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The Real Reason The Pontiac Fiero Was Discontinued
As the 1970s gave way to the 80s, Pontiac was desperate for a vehicular hit that would put it back on the map while differentiating it from the handful of other automakers within General Motors' stable. Its general manager at the time, Bill Hoglund, felt that an affordable two-seat sports car would help recapture the performance image the company once had with the GTO.
Thus, in 1984, the plastic-bodied Pontiac Fiero, which means "very proud" in Italian and "fierce" in Spanish, was released for $7,999, and by the end of the year, nearly 137,000 were on the road. It became such a hot commodity that it zipped around as the pace car for the Indianapolis 500 that same year — and the 2M4 model even made it on "Car & Driver's" 10-best list.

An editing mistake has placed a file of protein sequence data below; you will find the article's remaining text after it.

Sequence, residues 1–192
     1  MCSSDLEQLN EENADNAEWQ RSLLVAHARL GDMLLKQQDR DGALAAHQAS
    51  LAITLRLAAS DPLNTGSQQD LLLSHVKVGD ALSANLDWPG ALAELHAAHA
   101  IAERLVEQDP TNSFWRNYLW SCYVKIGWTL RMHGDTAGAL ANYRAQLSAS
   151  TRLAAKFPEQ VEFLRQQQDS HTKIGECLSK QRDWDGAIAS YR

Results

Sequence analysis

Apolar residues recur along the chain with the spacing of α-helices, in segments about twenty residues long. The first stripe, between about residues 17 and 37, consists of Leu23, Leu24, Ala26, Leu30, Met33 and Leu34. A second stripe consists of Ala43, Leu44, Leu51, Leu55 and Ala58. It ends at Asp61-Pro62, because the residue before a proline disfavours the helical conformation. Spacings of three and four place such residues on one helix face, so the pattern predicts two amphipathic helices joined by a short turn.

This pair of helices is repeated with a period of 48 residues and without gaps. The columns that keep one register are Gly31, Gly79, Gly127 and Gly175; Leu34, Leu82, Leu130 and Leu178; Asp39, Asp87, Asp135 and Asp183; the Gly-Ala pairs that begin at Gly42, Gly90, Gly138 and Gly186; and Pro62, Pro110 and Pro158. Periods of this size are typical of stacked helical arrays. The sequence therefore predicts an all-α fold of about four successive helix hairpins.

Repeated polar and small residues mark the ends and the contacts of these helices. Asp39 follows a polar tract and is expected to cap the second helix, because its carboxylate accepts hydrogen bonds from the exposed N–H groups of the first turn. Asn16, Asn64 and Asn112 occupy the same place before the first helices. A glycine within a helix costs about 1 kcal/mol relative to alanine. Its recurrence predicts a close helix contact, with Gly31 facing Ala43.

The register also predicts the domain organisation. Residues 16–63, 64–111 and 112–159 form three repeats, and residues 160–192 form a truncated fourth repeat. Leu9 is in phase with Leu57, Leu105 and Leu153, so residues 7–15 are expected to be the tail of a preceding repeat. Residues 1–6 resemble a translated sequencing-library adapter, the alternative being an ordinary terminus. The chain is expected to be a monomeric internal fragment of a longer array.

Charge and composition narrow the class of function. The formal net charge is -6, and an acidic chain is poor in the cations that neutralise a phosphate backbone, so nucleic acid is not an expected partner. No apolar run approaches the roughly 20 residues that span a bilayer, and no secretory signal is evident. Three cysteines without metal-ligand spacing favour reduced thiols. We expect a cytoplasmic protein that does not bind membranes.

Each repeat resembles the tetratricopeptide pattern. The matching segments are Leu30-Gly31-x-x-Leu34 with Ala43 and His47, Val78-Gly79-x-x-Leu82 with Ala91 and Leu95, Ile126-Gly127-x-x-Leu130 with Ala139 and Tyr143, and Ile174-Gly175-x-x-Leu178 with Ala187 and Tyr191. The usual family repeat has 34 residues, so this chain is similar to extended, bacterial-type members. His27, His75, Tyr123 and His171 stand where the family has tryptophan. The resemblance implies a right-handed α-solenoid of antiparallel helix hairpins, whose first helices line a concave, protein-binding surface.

Unfortunately, Pontiac's penny-pinching ways, combined with the bargain bin parts used to get the sporty commuter car into production on such a paltry sum, resulted in engine problems leading to fires. Sales began to slide due to bad publicity, and once consumer advocate Ralph Nader got involved, they continued to plummet until GM halted production in 1988.